It takes a village to take care of Growley III, the mascot of the Virginia Tech Corps of Cadets. The cadets work together to take care of the happy-go-lucky labrador, and he receives veterinary care through the Virginia-Maryland College of Veterinary Medicine.

Growley III, call sign Stryker, recently received a checkup and health certificate from Rebecca Persons, clinical instructor at the veterinary college’s Small Animal Community Practice.  

Stryker has an important job: the Corps of Cadets’ canine ambassador. Acting as a bridge from the Corps to the university and community as a whole, Stryker attends football games, club activities, and other on- and off-campus events.

"Being his handler is 100% the best job in the Corps of Cadets. Last year, I served as his primary handler, which meant that Stryker was my roommate," said Christopher Hall, the  Growley team captain. "Stryker has been my best friend. No offense to my other roommates, but he's the greatest roommate I've ever had!" 

Stryker visits the Veterinary Teaching Hospital two to three times a semester for routine care and checkups. He receives a health certificate and checkup before he goes home with his handler for school breaks — trips that usually involve interstate travel.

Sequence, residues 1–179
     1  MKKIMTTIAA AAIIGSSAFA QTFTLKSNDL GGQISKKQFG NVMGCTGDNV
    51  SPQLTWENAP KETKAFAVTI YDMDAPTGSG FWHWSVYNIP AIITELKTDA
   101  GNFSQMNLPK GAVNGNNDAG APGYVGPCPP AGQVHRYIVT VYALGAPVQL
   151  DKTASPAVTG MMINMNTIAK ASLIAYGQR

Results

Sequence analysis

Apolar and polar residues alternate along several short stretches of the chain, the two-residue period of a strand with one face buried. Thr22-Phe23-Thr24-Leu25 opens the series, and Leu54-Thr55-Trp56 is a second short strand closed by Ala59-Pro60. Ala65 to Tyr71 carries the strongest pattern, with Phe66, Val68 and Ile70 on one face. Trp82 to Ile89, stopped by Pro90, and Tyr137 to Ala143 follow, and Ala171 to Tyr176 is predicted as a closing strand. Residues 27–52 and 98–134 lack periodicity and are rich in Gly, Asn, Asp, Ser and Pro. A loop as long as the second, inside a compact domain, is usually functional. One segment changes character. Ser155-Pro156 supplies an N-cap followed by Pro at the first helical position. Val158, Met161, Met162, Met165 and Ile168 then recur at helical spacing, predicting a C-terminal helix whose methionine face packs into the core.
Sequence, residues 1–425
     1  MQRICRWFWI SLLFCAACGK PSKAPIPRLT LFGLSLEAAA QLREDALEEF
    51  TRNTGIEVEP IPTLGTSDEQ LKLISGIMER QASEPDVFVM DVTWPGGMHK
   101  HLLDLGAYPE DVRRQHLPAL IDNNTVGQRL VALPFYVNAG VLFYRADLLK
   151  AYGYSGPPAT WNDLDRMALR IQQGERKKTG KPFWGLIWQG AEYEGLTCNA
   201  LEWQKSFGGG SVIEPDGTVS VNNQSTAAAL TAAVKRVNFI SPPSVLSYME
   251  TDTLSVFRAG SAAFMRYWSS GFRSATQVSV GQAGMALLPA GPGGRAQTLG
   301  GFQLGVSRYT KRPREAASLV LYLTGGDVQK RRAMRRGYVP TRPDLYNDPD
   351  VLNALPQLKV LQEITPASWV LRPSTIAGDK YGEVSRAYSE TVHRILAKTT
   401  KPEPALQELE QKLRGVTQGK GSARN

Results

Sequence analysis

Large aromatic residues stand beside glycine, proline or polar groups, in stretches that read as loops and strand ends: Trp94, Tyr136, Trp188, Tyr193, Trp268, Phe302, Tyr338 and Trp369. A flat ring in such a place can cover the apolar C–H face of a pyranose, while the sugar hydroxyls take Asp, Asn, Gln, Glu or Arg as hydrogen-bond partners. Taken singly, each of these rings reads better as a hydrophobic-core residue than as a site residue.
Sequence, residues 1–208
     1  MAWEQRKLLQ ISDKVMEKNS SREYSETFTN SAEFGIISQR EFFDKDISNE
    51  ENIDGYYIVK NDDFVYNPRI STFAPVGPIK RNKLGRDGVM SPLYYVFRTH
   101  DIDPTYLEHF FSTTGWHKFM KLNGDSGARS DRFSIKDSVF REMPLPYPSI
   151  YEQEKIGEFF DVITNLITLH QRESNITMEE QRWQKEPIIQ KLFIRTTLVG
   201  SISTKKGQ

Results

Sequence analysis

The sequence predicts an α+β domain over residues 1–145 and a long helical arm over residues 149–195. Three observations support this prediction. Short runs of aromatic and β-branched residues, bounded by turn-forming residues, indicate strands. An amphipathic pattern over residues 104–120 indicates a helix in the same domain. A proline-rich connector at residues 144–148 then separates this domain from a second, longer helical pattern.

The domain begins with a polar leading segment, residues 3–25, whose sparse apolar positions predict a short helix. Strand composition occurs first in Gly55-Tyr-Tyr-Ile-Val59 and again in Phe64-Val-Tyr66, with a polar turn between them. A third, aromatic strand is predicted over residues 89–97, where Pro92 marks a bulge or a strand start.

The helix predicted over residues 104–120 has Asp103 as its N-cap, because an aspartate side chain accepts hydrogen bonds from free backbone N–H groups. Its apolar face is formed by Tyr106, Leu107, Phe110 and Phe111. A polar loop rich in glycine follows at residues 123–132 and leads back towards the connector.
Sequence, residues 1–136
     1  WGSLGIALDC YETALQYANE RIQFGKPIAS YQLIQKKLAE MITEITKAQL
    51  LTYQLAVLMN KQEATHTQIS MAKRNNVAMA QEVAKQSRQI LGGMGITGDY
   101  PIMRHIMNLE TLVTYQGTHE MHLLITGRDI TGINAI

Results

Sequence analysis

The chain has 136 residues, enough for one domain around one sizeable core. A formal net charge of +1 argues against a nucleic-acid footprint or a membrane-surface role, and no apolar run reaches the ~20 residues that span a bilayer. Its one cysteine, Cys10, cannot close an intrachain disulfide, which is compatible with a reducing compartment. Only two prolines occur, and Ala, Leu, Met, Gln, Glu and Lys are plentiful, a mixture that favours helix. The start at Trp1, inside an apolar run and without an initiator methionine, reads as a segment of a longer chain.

"We've been extremely blessed with our relationship with the veterinary college, especially with Dr. Persons. Dr. Persons has looked after Stryker the past few years, and the vet school has been a great resource. Any time I've ever needed anything, I've been able to pick up the phone and call," said Hall. 

"I come from a military background — my dad was military, my husband is military — so I understand the importance of the military institution here on campus,” said Persons. "[Stryker] is great for morale for the students, and I think he plays an important role in highlighting what's wonderful about leadership in the Corps." 

Because Stryker is a working dog who is cared for by a group, it’s important that his health is monitored carefully. Regular checkups ensure that any problem can be caught early, and Stryker could go on a rest period if needed. 

"He's such a relaxed, calm, chill dog. That is super helpful for the students — they're under a lot of stress. As they're getting ready to go through finals or as they're getting commissions or figuring out what they're doing next, he is a constant,” said Persons.

White dog waiting to be examined.
Stryker during his visit to the Veterinary Teaching Hospital in Blacksburg, VA. Photo by Andrew Mann for Virginia Tech.
White dog being examined.
Stryker during his visit to the Veterinary Teaching Hospital in Blacksburg, VA. Photo by Andrew Mann for Virginia Tech.

Written by Sarah Boudreau M.F.A. '21, a writer with the Virginia-Maryland College of Veterinary Medicine


Andrew Mann
Director of Communications and Marketing